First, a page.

Among others, it was attended by US Congressman Al Green from Texas and the Vice Chancellor of NED University Dr. Afzal Haque. Asharf Habibullah, a 1969 Civil Engineering graduate of NED and founder of Computer Structures Inc (CSI) of Berkeley, CA, was the keynote speaker. CSI software developed by Habibullah is used by thousands of engineers in more than 100 countries for the design of major projects, including the One World Trade Center in New York, the east span of the San Francisco Bay Bridge, the Burj-e-Khalifa in Dubai, and the Centenario Bridge over the Panama Canal, according to an introduction of Habibullah published by University of California at Berkeley. CSI software is also widely used for research and education and CSI has generously donated software to numerous universities in many developed and developing countries. Mr. Habibullah is also recognized for his tireless work in supporting the arts and for championing the oft-overlooked artistic aspects of structural engineering.
There were several panel discussion during the day followed by a grand evening banquet with Pakistani food, music, stand-up comedy, mind-reading and other entertainment. Credit goes to NED alum Afzaal Hafeez of the class of 1984 and his dedicated team of volunteers for a job well done.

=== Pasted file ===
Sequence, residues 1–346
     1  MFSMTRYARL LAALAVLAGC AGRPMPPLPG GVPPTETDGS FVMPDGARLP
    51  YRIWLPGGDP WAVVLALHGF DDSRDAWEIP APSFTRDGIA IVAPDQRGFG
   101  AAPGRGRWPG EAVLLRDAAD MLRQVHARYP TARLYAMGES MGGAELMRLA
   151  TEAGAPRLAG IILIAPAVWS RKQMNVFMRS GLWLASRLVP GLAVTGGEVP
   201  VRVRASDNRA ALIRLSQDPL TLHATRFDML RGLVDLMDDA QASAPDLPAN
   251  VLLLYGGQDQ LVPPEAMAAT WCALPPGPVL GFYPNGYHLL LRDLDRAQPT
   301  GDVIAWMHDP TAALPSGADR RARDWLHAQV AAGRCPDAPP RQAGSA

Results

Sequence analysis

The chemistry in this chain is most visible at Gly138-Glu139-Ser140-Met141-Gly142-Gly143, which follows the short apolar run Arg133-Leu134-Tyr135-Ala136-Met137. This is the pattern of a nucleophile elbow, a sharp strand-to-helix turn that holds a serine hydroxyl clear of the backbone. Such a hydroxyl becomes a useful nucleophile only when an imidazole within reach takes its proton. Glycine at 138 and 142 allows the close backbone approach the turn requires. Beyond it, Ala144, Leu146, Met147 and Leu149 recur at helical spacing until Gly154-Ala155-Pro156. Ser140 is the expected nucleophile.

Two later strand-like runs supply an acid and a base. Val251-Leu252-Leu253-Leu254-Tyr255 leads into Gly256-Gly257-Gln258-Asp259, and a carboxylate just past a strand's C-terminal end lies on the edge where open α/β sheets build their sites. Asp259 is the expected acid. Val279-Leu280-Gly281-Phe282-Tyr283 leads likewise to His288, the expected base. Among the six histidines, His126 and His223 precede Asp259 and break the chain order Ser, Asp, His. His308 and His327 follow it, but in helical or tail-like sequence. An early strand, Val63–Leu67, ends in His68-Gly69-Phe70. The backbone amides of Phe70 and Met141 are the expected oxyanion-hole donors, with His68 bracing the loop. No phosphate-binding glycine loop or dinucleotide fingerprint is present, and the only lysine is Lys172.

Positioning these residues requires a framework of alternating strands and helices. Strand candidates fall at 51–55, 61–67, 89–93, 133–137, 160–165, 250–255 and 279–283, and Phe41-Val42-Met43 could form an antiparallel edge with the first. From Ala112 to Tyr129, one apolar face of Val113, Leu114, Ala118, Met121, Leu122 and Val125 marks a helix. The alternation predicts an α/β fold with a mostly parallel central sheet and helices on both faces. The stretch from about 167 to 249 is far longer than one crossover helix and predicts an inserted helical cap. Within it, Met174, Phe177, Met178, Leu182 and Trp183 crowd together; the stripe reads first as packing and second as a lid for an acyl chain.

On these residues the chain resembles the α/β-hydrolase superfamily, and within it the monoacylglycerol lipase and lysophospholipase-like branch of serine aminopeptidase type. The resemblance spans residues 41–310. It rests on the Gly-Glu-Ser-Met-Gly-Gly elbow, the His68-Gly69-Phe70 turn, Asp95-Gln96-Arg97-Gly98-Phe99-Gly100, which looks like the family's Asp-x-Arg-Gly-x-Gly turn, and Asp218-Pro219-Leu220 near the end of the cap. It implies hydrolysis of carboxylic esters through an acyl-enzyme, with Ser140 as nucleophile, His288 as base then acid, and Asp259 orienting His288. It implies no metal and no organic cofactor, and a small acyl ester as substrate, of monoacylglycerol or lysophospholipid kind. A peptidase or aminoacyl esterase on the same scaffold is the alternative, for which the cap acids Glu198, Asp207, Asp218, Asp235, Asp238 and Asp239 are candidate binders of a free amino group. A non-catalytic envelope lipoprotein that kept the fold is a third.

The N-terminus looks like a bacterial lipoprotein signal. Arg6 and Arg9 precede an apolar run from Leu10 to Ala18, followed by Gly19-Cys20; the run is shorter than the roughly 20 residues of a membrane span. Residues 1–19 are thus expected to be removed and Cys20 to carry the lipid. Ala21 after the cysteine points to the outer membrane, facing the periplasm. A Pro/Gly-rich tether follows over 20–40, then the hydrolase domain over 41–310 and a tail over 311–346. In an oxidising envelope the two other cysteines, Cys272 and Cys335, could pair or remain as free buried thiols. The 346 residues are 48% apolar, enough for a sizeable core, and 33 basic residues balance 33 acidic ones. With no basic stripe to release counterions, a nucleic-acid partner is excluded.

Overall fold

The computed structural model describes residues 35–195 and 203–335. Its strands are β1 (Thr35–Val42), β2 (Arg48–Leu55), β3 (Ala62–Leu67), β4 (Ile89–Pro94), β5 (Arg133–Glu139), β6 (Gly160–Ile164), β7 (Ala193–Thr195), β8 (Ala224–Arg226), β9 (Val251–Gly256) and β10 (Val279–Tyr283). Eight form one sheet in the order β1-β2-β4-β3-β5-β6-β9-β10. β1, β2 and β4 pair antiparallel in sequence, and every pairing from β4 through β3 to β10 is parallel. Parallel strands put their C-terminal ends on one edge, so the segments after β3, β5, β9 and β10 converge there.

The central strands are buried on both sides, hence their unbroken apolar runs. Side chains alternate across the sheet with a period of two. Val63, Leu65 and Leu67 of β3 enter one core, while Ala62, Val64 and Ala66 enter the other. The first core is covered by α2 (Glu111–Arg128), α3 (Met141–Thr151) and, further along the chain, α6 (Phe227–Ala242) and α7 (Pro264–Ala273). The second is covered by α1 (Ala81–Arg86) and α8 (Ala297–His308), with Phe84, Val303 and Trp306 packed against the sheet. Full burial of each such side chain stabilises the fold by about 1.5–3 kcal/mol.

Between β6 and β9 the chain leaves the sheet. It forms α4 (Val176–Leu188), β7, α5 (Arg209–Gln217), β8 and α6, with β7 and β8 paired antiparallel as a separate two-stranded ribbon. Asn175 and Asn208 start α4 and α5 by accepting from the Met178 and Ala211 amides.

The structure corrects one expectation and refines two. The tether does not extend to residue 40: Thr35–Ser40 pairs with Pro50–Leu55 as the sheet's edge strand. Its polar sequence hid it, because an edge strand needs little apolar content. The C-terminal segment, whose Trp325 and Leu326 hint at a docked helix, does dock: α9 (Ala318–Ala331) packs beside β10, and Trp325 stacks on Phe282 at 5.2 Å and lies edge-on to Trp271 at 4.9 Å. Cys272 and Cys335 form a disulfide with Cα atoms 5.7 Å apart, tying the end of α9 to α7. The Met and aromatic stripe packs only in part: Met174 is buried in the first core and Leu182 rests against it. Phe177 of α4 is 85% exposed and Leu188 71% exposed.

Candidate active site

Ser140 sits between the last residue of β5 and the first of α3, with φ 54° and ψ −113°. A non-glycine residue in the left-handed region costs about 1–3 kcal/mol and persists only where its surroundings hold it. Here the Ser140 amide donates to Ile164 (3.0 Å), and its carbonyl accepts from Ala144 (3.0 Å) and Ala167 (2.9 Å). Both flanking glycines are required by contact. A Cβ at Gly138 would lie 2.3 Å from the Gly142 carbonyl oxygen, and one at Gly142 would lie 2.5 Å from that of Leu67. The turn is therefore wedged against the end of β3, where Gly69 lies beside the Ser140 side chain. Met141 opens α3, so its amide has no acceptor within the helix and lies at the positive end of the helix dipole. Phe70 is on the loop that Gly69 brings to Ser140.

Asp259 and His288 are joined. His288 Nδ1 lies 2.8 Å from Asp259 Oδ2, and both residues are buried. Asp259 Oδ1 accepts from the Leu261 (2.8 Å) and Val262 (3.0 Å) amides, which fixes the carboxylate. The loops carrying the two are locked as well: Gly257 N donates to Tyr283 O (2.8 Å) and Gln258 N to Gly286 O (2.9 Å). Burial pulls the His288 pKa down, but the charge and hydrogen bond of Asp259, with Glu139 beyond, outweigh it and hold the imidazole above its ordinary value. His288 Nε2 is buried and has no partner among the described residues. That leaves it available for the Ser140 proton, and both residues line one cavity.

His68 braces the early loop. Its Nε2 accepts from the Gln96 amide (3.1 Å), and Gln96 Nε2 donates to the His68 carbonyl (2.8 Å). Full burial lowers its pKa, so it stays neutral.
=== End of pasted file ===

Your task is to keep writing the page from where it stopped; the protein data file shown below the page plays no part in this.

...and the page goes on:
Keynote by Ashraf Habibullah:
Not only is Ashraf a successful Berkeley-based technology entrepreneur but he is also a very entertaining keynote speaker. His speech was peppered with interesting anecdotes of his years at NED and singing of parts of Mohammad Rafi songs he heard as a young man.
|Keynote Speaker Ashraf Habibullah|
In his keynote at Houston, Ashraf said the most valuable thing he learned at NED was to be "be sharam" (shameless). Once he became be sharam, he became free. He was willing to do whatever pleased him and took lots of risks. That helped him succeed when most people, including his father, thought he would amount to nothing.
He said there were two "qillats" (scarcities) at NED-water and girls. So he and his friend decided to capture this observation in two lines: Bhari balti main tera aks dekhta hoon/ phir usay hila hila ke tera raqs dekhta hoon.
NEDUET Class of 1974:
Among the hundreds of alumni attending the Houston convention, there were at least 14 of my classmates from the class 1974. Four of them live in Huston while the rest traveled from other cities to attend.
|NEDUET Alumni from Class of 1974 with VC Dr Afzal Haque|
Social Non-Profit Entrepreneurship:
A panel discussion, moderated by Silicon Valley NEDian Mukhtar Zaidi, featured a number of NED alumni and their friends who are engaged in social entrepreneurship to make life better for ordinary Pakistanis. They are addressing a range of issues from access to clean water and electricity to creating jobs.
|A Panel Discussion Moderated by Silicon Valley NEDian Mukhtar Zaidi|
The panelists include Omar Hasan, Asif Ansari, Dr. Osama Khan and Dr. Khurshid Qureshi. Each is contributing in his own way to help Pakistan.